Data General originally made a name for itself with a simple minicomputer called a "Nova."
The big innovations of the Nova were not technical, so much as packaging. It saved money and increased reliability by packaging as much as possible of the computer on a single huge 15 inch by 15 inch printed circuit board.
The backplane was wirewrapped. The peripherals were literally daisy-chained to establish the interrupt priorities.
The Nova was a 16-bit machine. Each instruction was one word. Each word had a number of subfields:
jump (single bit), opcode, source, destination, shift, skip (2 bits) [corrections would be appreciated- I lost my manual years ago!]
Basically, if the jump bit was set, the rest of the word was the address. Since the Nova addressed memory as 16-bit words, this gave it a 64K-byte address space, which was adequate.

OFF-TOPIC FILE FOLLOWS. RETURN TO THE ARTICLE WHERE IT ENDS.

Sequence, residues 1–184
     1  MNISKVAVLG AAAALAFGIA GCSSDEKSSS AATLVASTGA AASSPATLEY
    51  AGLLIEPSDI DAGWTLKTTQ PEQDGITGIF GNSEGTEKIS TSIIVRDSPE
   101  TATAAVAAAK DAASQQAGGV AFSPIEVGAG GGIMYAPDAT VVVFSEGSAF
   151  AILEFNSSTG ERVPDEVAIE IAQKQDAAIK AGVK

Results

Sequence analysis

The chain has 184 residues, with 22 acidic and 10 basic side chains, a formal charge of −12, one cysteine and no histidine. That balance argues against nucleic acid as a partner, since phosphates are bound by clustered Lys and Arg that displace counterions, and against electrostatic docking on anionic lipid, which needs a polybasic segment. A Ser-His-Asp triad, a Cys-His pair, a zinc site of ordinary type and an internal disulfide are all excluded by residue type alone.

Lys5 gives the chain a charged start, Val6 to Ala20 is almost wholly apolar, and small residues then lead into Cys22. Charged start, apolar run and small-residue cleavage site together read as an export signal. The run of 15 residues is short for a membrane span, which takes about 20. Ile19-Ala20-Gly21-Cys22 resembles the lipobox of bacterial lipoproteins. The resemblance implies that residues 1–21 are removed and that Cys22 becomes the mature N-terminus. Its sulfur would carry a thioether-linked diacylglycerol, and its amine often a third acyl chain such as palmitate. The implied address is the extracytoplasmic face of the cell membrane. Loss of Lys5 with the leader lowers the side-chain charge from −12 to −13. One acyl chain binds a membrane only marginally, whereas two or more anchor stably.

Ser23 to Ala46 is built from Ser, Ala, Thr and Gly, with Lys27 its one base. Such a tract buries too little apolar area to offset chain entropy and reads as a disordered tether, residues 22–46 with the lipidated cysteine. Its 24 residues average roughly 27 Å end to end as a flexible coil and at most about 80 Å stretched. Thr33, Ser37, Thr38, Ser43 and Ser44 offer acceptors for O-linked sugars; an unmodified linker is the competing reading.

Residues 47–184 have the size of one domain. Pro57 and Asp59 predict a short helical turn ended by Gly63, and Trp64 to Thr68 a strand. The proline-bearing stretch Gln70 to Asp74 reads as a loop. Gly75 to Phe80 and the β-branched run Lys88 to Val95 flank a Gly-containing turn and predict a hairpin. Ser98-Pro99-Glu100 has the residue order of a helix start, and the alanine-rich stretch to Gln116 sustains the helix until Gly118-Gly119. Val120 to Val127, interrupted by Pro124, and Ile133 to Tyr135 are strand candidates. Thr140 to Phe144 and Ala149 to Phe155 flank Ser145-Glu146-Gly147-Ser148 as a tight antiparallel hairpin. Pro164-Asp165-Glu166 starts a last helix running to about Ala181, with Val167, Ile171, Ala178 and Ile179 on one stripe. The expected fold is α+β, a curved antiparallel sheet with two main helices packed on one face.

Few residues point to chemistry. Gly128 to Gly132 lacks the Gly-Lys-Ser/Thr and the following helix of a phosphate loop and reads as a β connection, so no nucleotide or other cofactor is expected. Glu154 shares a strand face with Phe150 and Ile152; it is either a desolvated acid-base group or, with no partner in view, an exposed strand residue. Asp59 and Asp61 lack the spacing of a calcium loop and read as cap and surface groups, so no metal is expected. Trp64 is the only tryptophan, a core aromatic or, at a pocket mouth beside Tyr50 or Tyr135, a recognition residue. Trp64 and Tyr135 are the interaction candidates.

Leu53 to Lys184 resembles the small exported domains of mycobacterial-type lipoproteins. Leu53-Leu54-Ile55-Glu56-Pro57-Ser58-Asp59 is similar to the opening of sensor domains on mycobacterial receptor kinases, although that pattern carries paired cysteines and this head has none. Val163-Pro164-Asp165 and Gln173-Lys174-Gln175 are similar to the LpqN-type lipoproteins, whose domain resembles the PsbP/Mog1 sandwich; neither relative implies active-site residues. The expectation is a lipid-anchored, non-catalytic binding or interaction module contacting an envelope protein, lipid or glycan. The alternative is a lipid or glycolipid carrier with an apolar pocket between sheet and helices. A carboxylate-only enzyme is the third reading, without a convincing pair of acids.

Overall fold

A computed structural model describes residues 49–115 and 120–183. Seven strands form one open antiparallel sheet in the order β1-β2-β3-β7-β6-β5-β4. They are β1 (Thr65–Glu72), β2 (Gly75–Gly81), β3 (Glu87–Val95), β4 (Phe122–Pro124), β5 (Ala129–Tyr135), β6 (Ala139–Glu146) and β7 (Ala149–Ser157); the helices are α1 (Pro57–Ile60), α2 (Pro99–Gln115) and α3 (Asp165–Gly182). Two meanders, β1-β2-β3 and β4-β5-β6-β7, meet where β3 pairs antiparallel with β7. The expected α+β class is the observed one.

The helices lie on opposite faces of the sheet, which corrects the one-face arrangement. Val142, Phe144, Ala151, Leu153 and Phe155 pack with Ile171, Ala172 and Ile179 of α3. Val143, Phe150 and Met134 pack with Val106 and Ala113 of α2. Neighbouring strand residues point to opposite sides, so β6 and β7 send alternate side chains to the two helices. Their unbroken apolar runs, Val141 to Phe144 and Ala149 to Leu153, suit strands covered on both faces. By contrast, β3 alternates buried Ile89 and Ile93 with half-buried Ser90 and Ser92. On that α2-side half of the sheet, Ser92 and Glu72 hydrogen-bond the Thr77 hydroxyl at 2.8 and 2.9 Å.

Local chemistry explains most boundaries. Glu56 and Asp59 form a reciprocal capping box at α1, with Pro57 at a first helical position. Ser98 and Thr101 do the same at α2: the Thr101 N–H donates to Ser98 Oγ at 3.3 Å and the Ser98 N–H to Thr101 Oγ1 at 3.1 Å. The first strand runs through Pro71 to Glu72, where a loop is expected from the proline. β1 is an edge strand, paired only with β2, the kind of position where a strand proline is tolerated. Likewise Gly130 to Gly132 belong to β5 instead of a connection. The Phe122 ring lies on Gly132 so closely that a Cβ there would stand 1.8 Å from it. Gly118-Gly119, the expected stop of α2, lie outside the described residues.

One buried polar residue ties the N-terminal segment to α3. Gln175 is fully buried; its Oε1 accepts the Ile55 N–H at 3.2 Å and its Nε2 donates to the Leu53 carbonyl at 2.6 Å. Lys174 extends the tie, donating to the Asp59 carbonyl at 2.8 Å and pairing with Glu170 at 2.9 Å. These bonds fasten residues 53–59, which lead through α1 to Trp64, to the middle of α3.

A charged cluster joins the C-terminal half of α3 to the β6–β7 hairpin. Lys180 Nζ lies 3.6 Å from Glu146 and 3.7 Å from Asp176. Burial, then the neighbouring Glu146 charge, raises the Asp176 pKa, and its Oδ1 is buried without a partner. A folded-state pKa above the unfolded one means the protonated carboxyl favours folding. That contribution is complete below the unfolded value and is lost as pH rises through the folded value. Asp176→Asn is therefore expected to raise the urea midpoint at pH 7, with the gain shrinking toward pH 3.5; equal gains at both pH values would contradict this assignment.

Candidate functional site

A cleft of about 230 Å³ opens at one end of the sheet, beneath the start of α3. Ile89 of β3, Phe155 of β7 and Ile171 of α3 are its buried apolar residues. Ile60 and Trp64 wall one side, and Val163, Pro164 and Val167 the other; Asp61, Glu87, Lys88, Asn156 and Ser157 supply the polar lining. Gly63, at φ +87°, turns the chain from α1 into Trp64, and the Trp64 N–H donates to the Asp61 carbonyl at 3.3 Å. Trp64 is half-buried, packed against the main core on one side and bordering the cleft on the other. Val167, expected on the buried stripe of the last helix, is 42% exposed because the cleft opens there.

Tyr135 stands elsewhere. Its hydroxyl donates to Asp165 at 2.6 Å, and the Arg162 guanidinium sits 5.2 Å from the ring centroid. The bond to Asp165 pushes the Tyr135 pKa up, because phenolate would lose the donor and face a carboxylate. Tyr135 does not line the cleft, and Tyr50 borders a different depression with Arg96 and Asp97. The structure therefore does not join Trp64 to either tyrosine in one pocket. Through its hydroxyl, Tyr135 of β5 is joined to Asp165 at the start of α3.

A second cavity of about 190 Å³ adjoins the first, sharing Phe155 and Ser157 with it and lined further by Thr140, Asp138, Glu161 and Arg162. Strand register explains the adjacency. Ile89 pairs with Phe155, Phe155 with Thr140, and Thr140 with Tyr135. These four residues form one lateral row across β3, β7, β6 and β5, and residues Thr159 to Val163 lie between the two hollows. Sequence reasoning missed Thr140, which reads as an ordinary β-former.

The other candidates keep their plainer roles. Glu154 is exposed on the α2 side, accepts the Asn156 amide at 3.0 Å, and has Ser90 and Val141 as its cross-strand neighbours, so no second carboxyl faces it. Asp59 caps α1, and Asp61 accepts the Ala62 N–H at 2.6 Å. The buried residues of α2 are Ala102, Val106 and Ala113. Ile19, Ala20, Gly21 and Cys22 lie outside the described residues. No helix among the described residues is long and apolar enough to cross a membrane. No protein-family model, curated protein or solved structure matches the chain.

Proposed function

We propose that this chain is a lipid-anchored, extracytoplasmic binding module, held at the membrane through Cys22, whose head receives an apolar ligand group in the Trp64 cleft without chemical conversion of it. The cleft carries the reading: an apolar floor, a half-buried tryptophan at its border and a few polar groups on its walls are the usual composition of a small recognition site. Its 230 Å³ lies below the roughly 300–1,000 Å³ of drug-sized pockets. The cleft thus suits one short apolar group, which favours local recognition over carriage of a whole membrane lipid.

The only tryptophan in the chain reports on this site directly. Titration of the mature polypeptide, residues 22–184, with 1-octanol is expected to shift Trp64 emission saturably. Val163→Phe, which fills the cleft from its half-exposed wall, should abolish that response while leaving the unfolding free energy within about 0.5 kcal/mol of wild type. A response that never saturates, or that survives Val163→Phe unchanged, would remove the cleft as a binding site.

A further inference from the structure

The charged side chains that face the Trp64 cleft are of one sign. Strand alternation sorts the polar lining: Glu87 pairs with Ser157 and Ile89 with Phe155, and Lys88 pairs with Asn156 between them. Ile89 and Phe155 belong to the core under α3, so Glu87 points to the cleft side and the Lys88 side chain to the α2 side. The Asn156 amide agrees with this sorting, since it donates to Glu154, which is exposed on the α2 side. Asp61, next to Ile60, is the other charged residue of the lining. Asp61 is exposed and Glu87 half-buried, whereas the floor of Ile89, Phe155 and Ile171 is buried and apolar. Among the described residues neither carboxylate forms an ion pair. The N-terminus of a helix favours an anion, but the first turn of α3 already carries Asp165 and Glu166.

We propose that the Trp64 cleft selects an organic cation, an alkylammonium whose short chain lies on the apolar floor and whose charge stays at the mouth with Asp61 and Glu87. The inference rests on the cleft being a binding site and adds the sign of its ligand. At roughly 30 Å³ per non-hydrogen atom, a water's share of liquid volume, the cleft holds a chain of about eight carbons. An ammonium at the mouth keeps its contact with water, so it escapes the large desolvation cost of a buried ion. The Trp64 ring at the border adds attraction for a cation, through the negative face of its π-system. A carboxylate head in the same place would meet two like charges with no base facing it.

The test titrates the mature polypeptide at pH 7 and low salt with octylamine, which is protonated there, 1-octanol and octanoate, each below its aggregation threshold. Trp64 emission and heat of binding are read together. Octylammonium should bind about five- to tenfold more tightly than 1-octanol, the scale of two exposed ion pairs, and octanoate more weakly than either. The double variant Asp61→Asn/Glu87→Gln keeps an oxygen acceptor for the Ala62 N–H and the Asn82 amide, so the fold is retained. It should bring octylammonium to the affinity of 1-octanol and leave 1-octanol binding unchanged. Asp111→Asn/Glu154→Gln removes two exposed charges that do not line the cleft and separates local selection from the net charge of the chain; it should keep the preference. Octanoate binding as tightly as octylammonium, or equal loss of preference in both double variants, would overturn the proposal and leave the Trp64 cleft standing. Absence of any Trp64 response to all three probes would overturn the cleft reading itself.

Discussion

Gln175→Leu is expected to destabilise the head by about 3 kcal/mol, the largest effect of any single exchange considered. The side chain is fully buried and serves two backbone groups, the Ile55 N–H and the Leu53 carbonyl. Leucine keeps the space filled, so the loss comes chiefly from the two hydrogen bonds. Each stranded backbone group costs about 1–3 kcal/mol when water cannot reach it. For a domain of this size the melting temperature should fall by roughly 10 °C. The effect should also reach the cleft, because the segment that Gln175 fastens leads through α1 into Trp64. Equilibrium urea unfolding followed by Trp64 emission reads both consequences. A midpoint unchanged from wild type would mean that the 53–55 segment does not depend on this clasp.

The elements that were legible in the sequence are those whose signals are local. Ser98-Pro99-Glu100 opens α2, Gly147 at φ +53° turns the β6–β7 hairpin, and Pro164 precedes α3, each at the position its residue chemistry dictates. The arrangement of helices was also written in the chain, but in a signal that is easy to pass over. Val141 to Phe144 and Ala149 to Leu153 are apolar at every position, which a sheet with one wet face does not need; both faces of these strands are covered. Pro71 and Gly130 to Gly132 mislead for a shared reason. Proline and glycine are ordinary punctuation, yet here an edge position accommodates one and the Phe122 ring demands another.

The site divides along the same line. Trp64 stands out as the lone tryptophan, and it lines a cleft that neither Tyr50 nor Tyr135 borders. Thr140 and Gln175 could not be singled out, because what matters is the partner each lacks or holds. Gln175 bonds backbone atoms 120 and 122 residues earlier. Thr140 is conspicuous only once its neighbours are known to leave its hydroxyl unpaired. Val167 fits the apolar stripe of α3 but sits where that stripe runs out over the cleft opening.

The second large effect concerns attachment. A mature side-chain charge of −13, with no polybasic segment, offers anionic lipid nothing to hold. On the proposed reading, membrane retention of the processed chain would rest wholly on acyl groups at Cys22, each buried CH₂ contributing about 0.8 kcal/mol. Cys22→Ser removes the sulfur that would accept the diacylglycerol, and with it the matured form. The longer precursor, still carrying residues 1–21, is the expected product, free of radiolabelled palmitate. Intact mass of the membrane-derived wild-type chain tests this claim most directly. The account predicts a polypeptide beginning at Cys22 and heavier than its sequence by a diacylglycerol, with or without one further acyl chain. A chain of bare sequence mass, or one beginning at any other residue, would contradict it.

Otherwise, the opcode, source, and destination would be executed, then the shift performed on the destination, and finally, the conditional skip would depend on the result of the condition codes set by the operation.
The op-code was, I recall, a 4 bit field. The register fields were each 3 bits. One of the selections was an immediate value, and the other was a "register indirect" fetch. The Nova had a unique feature in that if it fetched a value whose most significant bit was 1, it sould treat the rest of the word as an address, and fetch from that address. It could get address-dereferencing chains that were hundreds of fetches long. (Not quite unique. Some older DEC computers had this silly feature. De Castro and some other Data General engineers previously worked at DEC :-)
The shift would describe the type of shift and direction to perform on the destination.
The skip would tell whether to skip the next instruction, based on the result of the operation. It could skip on zero, carry, negative, or don't skip. Usually, the thing to skip was a jump instruction.
This was all pretty crude, but it was quite effective and very fast for its day, at least at this low-cost end of the market.